The Hammock

The Hammock

It had been quite a day, and they were both tired. In the moonlight, intermittent cloud cover caused darkness and yet when the full moon was unobstructed, the lake glimmered. Through the light clouds, the millions of stars radiated.

“You bushed, pumpkin?” he asked. He wondered if she’d fallen asleep, as he nearly had. Hammocks seemed to naturally produce this feeling, an ability to fall back into the arms, of what? He wasn’t certain. He removed his baseball cap, scratched his head.

“Nope. Just staring at the stars.” She yawned. “You ever see bears around the camp?” she asked.

He wondered if he should tell her the truth. Here they were in the middle of nowhere, a hundred miles or more from home. He decided to lie. “We used to,” he said, shifting his falling asleep arm from under her. “We hiked all day today in the Presidentials and we didn’t see any.” Her hair smelled like wheat.

“Yeah,” she yawned. “But our guide book said bears don’t usually go on trails that humans use. And this just looks like the kind of place you’d encounter them.”

He looked toward the cabin. What would happen if one came around the back corner? “I worry way more about looters than I do bears.”

“Really?” She looked at him intently.

“Sure. One time, when I was six or seven, we came up here, and there was an entire family in the camp. Living here like it was theirs. If I remember correctly, they were Asian.”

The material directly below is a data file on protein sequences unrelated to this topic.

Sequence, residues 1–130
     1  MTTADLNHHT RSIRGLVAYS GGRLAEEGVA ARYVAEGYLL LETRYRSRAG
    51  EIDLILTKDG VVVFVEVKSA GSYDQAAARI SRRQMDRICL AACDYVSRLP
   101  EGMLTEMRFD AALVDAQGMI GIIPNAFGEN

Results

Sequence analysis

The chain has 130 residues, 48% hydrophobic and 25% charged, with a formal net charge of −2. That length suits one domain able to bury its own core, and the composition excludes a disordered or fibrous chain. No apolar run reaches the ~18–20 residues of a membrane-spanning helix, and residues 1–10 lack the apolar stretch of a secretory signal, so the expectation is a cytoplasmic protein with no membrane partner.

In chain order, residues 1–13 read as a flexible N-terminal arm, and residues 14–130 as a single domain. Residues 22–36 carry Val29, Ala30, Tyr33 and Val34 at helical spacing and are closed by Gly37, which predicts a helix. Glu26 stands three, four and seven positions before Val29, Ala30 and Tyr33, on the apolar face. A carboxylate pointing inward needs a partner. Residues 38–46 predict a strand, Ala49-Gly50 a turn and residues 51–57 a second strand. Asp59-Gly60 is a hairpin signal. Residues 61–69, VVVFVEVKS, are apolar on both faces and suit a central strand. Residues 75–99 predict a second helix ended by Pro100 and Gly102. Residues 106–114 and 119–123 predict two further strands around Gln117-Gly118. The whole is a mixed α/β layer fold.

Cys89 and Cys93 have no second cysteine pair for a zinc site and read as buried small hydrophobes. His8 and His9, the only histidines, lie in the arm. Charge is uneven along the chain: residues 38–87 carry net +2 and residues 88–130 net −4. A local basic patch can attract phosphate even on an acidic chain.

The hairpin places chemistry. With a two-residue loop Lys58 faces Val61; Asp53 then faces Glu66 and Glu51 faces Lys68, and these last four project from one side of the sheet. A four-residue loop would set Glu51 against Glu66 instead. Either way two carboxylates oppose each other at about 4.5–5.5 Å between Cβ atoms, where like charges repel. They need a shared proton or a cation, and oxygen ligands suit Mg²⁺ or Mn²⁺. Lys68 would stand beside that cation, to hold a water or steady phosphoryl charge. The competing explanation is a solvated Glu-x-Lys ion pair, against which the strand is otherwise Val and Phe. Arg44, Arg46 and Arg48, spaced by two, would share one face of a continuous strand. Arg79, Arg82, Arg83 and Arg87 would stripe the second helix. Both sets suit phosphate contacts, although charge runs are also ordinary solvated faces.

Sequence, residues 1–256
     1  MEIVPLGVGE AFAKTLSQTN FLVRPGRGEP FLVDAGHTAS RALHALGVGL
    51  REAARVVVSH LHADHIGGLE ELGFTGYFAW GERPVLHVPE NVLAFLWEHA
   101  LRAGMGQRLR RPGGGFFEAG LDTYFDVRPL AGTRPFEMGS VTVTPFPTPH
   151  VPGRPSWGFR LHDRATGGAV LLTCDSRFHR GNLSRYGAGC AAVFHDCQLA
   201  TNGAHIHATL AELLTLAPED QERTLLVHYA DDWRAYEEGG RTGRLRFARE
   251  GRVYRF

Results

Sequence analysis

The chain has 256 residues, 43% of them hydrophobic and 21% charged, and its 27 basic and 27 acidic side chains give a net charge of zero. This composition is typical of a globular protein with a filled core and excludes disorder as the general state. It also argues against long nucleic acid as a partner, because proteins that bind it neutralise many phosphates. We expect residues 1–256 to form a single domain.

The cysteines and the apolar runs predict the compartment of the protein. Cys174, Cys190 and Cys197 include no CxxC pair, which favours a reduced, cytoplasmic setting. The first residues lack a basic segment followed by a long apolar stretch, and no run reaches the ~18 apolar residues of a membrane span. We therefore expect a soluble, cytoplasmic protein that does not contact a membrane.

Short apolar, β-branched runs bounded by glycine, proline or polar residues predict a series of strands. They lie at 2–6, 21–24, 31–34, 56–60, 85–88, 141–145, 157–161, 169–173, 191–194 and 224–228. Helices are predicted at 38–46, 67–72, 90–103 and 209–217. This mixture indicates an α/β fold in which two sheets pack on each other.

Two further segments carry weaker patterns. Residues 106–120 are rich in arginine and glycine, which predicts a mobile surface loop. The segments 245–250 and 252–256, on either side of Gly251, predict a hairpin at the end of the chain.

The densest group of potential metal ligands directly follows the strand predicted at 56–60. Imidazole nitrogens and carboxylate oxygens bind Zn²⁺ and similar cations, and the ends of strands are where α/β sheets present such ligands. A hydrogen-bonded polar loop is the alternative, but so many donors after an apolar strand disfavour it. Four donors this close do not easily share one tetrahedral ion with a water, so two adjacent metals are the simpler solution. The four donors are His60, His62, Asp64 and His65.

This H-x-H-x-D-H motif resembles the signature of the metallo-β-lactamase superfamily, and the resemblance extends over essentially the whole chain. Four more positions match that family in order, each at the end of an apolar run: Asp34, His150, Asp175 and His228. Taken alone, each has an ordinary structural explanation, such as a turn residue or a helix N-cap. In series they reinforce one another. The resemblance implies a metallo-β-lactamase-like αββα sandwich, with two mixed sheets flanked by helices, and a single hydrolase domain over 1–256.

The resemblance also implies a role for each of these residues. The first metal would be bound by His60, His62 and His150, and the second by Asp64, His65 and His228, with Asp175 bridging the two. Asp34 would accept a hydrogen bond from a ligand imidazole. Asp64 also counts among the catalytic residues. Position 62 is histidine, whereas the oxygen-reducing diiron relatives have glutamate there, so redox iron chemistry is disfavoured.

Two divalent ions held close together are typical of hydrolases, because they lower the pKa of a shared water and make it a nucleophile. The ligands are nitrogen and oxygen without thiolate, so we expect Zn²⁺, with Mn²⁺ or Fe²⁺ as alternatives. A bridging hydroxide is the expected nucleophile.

“You mean, like squatters?” She yawned again. He nodded. “What did your dad do?”

“He had to ask them to leave while we stayed in the car. Scared the shit out of me.”

“I can imagine.”

We lay there, silent. The breeze carried the soft scent of seaweed and smoke from fire embers.

“I’m pregnant.”



About Robert Vaughan

Originally from NY, Robert leads week long National writing retreats at sites like Mabel Dodge Luhan House, Synergia Ranch, and EarthRise IONS. His poems and fiction are published in over 500 print and online magazines, such as Necessary Fiction, BlazeVOX, Los Angeles Weekly, Literary Orphans and Smokelong Quarterly. He is Editor-in-Chief at (b)OINK magazine and leads round- tables for Redoak Writing in Milwaukee. He is six times a Pushcart Prize Nominee and his fiction and poetry have won awards, including a Micro-Fiction runner-up (2012) and twice a finalist in the Gertrude Stein Fiction Award (2013-14). His books are: Microtones (Cervena Barva Press); Diptychs + Triptychs + Lipsticks + Dipshits (Deadly Chaps); Addicts & Basements (Civil Coping Mechanisms); RIFT, co-authored with Kathy Fish (Unknown Press), and FUNHOUSE (Unknown Press).
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9 Responses to The Hammock

  1. Cynthia says:

    Great stuff once again, a moment of truth in the backdrop of nature.

  2. Don says:

    Hmm…bears or pregnancy? Does he get to choose? LOL

  3. JR Price says:

    Love hiking in the Presidential Mountains (New Hampshire). They are so breathtaking. This was a fun read. Great twist at the end.

  4. Beverly says:

    I remembered that I told my husband I was pregnant the first time on a cruise. I thought he was going to jump overboard, not to mention my sea sickness. This story brought back that memory, so thanks for that.

  5. david says:

    I think it’s the perfect time to tell him about the baby.

  6. Shari says:

    Yes. tell him now! Before it might be too late…then he would wonder why you waited.

  7. Andrea says:

    LOL! Did the bears eat the Asian family??? RAWR!

  8. Dez says:

    Love this story! Keep it going!

  9. Mom says:

    Surprize ! I love it, always a shock line. Love you too

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